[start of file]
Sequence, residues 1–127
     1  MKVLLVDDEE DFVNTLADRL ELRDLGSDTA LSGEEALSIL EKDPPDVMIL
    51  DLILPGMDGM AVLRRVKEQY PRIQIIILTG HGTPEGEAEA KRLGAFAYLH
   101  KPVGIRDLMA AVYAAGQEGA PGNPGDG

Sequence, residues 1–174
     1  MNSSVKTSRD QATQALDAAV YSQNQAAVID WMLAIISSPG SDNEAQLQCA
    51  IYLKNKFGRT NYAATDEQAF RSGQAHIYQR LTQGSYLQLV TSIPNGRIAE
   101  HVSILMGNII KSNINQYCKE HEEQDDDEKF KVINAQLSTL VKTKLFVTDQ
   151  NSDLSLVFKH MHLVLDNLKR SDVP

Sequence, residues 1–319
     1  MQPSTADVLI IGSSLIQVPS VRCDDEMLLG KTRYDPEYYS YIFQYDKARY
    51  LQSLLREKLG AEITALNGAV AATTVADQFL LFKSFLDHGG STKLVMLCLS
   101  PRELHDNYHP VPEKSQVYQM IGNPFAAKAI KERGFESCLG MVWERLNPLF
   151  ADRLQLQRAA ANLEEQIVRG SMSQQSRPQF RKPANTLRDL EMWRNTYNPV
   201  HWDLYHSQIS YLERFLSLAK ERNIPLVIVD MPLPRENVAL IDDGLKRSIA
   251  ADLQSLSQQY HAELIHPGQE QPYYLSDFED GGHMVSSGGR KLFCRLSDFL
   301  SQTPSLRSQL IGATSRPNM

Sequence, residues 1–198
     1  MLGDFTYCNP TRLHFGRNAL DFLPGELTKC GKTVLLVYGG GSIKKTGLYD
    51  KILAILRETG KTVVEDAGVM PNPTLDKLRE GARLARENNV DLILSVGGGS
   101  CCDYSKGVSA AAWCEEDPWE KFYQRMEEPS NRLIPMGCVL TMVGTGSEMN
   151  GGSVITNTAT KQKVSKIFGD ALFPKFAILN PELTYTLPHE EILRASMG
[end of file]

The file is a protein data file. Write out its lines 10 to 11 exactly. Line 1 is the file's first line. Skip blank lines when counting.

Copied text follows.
Sequence, residues 1–319
     1  MQPSTADVLI IGSSLIQVPS VRCDDEMLLG KTRYDPEYYS YIFQYDKARY